Endogenous growth with material balance principle
This paper considers how environmental problems affect economic growth. In order to explain the relationship between the economy and the environment, we impose the law of mass conservation and its corollary, the mass balance principle, and consider pollution from both production and consumption sectors. Utilising a model which incorporates the material balance principle on endogenous growth theory, we obtain the following results: where environmental problems are not serious, optimal economic growth rates at a steady state rise as these problems become more severe - however, there is a threshold for the degree of their seriousness, beyond which the relationship is reversed, i.e., environmental problems lower optimal economic growth rates; a similar relationship is found between the economic growth rates at social optimum and at a laissez-faire competitive equilibrium. The optimal growth rate is higher (lower) than the equilibrium growth rate if the degree of seriousness of environmental problems is below (above) a threshold.
If you experience problems downloading a file, check if you have the proper application to view it first. In case of further problems read the IDEAS help page. Note that these files are not on the IDEAS site. Please be patient as the files may be large.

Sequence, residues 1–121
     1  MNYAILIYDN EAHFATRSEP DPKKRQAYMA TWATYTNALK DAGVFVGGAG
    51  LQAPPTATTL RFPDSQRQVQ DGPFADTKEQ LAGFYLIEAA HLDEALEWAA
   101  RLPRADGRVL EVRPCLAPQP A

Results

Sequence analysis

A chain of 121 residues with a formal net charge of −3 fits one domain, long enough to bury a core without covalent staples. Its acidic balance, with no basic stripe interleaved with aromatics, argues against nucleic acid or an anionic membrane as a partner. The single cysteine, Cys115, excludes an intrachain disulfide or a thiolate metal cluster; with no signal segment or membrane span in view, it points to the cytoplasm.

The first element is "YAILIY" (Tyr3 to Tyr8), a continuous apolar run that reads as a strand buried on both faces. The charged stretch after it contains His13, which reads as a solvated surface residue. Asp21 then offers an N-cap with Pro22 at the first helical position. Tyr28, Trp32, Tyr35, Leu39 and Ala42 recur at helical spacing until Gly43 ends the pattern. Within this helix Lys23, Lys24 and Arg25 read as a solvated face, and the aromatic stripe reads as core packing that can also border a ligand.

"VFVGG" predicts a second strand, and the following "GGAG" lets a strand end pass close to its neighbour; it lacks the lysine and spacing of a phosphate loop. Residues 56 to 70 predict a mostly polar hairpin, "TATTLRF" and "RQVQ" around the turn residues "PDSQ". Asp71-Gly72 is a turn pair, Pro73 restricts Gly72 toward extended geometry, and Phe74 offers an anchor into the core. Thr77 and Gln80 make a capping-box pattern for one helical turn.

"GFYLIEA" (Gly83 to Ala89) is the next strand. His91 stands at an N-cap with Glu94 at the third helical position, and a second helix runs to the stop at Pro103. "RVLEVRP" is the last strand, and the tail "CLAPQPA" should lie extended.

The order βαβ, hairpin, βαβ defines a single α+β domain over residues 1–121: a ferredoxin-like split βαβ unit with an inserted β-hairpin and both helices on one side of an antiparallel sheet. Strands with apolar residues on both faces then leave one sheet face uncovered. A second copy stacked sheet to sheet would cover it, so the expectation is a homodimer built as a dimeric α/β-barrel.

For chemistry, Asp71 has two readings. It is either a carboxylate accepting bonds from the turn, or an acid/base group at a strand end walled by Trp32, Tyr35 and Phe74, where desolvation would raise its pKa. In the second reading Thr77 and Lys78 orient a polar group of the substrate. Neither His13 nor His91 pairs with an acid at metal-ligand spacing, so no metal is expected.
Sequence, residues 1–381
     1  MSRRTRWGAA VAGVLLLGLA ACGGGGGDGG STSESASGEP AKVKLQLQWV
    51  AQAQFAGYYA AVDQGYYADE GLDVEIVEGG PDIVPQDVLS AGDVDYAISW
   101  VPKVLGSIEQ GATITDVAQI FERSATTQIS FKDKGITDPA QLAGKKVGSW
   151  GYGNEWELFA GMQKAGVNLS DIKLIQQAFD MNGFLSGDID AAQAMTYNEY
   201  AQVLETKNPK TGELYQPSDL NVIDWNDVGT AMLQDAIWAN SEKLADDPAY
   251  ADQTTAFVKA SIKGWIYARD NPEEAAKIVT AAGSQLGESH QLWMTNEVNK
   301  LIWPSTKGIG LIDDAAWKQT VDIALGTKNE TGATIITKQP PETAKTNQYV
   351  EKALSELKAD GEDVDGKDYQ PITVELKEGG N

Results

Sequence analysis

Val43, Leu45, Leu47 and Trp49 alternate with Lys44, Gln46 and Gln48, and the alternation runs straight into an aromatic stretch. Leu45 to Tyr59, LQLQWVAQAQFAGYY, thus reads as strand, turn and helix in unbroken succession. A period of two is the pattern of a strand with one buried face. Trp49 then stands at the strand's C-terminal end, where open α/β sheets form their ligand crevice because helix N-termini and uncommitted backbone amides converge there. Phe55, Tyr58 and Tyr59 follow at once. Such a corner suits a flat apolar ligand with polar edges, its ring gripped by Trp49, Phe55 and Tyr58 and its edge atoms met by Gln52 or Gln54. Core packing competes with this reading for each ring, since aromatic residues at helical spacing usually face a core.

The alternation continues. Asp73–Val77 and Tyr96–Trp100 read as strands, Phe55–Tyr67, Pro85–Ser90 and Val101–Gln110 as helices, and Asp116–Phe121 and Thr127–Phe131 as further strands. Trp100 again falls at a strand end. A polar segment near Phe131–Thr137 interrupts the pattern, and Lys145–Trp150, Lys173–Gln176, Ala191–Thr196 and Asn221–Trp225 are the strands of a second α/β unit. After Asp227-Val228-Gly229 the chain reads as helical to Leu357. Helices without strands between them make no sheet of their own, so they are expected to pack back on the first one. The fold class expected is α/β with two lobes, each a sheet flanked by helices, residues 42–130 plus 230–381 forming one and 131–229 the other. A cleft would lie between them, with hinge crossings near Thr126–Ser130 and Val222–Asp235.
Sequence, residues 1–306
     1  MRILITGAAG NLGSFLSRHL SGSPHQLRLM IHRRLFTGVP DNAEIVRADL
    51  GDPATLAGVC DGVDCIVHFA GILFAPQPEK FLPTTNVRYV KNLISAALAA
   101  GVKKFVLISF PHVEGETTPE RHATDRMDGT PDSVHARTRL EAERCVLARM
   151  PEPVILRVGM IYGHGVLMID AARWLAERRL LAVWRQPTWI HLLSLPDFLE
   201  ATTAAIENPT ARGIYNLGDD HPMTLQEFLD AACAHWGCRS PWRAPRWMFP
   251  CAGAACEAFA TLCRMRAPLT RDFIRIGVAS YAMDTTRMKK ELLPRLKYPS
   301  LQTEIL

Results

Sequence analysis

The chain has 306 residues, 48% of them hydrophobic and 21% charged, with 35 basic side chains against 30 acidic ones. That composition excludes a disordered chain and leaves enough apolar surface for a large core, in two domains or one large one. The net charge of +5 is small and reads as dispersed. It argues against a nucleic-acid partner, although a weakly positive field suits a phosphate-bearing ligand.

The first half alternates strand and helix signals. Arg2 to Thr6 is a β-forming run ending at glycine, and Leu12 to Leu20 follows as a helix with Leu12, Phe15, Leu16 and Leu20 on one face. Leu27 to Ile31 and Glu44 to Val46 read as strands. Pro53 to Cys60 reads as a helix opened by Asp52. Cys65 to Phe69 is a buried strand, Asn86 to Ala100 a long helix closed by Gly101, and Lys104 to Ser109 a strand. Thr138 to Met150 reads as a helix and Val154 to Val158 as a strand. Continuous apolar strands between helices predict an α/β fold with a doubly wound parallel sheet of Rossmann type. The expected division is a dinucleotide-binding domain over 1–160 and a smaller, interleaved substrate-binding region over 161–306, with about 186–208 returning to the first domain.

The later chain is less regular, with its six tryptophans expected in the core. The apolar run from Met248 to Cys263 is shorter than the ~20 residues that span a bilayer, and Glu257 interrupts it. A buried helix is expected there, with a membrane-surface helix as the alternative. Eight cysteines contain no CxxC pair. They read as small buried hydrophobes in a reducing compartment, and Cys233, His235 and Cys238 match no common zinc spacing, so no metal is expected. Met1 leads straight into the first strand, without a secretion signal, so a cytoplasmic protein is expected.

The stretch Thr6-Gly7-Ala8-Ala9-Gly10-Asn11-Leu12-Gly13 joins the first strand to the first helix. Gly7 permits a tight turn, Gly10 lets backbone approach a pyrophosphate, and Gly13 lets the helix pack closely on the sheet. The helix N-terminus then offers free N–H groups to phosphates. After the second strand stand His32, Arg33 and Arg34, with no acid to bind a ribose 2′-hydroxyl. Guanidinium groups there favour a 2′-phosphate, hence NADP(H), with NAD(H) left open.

As the access to this document is restricted, you may want to look for a different version under "Related research" (further below) or search for a different version of it.
Volume (Year): 6 (2006)
Issue (Month): 1 ()
|Contact details of provider:|| Web page: http://www.inderscience.com/browse/index.php?journalID=14|
When requesting a correction, please mention this item's handle: RePEc:ids:ijgenv:v:6:y:2006:i:1:p:4-28. See general information about how to correct material in RePEc.
For technical questions regarding this item, or to correct its authors, title, abstract, bibliographic or download information, contact: (Darren Simpson)
If you have authored this item and are not yet registered with RePEc, we encourage you to do it here. This allows to link your profile to this item. It also allows you to accept potential citations to this item that we are uncertain about.
If references are entirely missing, you can add them using this form.
If the full references list an item that is present in RePEc, but the system did not link to it, you can help with this form.
If you know of missing items citing this one, you can help us creating those links by adding the relevant references in the same way as above, for each refering item. If you are a registered author of this item, you may also want to check the "citations" tab in your profile, as there may be some citations waiting for confirmation.
Please note that corrections may take a couple of weeks to filter through the various RePEc services.